- Lay paving
- Lay porcelain paving
- Lay artificial grass
- Lay block paving
- Lay permeable block paving
- Lay walling blocks
- Install fencing panels
- Install trellis
- Install timber gates
- Build a pergola
- Install decking
Take your time to research the different types of paving slabs and estimate quantities and costs.
Allow 150mm below the damp course of your house then excavate approximately 200mm for the foundations, laying bed and slab thickness.
To prevent later movement of laid paving a good foundation is essential. 100mm deep of compacted scalpings (crushed limestone, pink in colour) or a lean concrete mix of ballast and cement mixed 6 parts ballast to 1 of cement is ideal.
Ensure a slight fall when laying to take surface water away from any buildings. We recommend laying paving on a full bed of mortar, mixed 6 parts sharp sand to 1 part cement at a damp and workable condition without being overly wet and runny. Push the slab down by hand to roughly the level required then gently tap into place using a rubber mallet ensuring the paving is level using a spirit level. Allow a gap of 10-15mm or whatever the manufacturer suggests for the type of paving you are using between each slab. Do not walk on the paving until the mortar has set.
Some slabs can be butted together and don’t require pointing. If they do, once the slabs are laid pointing ties the whole area together. The joints should be filled with a damp 3 to 1 mortar mix which should be trowelled between the slabs and firmed in. Take care not to stain the slabs when doing this. Smooth off using a pointing tool (a piece of firm hose would do). Alternatively use a jointing compound.
At the planning stage try and keep cutting to a minimum. Should you need to cut slabs powered disc cutters are available from local hire shops. Make sure you follow correct safety procedures and obtain instructions as these are potentially dangerous machines.
Need help with installation?
Our Landscape Division offers an installation service for Kebur Contempo and our other paving products. These local installers also lay our Kebur Contempo Porcelain and Natural Stone range in the Surrey/ Hampshire area.
Because of its superb durability, porcelain is low maintenance and requires no additional treatments such as sealants during installation. We recommend laying porcelain with a traditional method on a full bed of mortar over a compacted sub-base. Use a slurry primer on the underside of each slab to create an adhesive seal between the slab and mortar bed and ensure a minimum joint width of 5mm. If making cuts, you will also need a diamond blade for porcelain. For full details on laying method and additional products you may need, see our Contempo porcelain product guide.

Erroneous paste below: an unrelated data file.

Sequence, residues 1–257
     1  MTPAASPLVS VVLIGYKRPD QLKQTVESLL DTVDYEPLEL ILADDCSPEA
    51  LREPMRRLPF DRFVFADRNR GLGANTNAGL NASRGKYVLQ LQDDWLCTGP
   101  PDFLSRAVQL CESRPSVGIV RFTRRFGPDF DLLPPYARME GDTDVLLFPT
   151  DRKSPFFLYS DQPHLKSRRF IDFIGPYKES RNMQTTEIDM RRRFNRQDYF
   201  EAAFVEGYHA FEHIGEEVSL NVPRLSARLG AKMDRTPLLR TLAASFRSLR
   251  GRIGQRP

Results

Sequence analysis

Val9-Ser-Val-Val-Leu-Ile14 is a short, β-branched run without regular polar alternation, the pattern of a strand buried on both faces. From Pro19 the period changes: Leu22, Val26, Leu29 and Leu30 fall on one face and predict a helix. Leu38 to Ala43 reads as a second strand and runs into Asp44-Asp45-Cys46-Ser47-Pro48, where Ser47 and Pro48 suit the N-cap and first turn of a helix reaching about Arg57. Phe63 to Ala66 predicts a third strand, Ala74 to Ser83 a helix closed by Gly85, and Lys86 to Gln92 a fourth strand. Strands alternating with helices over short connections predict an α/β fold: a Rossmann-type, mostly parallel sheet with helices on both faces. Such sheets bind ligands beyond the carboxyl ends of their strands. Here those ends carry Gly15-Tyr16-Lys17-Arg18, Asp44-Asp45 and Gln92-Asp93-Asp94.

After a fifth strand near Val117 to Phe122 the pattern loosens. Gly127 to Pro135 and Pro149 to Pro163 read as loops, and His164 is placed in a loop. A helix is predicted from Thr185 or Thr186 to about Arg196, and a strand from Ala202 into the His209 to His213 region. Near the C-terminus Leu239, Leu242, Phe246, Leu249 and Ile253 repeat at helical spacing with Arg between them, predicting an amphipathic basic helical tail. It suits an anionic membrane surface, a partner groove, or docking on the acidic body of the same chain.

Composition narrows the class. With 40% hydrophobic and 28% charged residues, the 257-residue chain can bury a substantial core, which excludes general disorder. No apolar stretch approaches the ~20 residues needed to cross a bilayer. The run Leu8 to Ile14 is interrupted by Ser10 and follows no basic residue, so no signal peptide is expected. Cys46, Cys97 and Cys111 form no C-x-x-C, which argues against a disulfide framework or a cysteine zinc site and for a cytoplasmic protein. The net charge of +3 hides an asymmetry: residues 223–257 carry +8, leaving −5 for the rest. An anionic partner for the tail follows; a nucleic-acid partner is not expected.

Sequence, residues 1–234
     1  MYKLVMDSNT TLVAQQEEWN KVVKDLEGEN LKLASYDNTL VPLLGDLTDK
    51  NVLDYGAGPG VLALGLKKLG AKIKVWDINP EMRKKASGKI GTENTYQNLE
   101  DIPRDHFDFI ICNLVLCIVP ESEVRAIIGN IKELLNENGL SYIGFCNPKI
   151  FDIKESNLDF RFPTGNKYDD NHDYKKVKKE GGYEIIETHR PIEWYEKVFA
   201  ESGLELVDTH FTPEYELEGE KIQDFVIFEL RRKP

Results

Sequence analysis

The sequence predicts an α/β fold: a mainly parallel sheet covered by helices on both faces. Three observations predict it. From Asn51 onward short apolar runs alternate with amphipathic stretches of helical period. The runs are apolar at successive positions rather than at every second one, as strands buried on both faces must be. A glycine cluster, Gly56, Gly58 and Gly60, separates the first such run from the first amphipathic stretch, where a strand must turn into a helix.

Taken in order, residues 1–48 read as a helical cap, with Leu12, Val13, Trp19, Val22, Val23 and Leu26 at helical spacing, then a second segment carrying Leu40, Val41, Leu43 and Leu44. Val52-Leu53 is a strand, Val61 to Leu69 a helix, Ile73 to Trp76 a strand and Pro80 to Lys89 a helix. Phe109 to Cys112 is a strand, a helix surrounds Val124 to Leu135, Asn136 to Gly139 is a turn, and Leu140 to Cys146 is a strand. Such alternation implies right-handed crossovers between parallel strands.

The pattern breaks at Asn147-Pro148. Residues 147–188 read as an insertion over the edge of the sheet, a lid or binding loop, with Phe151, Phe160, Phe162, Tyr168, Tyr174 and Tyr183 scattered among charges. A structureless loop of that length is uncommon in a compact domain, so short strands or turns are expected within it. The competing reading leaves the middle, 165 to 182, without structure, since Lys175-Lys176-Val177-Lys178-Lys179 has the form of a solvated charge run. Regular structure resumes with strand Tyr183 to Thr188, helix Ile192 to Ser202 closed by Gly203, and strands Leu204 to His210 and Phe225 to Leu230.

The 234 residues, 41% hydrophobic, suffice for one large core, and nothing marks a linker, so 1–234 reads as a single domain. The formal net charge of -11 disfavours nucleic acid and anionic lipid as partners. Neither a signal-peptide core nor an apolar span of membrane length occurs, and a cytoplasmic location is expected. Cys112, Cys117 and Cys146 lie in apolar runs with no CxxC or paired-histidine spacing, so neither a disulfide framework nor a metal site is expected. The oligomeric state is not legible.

Need help with installation?
Our Landscape Division offers an installation service for Kebur Contempo and other products. These local installers lay our Kebur Contempo Porcelain and Natural Stone range in the Surrey/ Hampshire area.
Installing on a hard (bound) surface such as concrete, tarmac, macadam, asphalt
- Ensure surface is clean and free from debris
- A slight fall of 1:200 to assist drainage is preferred, otherwise a few drainage holes in the concrete are recommended
- If laying on top of paving slabs or decking it is recommended that an underlay is used to prevent the pattern of the slabs/decking from showing on the surface of the grass.
- Spot glue or lay loose and fix around the perimeter.
- For a wooden base it is best to staple.
Installing on unbound surfaces
Well compacted unbound aggregate bases are ideal and if laying an artificial lawn from scratch this is highly recommended, but any unbound surface that drains and is stable and fairly level is satisfactory.
- Remove soil to a depth of 100mm
- Compact and level the ground with a compactor plate or roller
- Option of fixing down weed membrane
- Lay sub-base, such as scalpings to a depth of 25-75mm, level and compact with a plate compactor or roller. If you choose a timber fixing for the edge of the grass, fit using tantalised timber and fixing spikes
- Add a thin layer of fine aggregate (such as sharp sand) over the sub base and compact again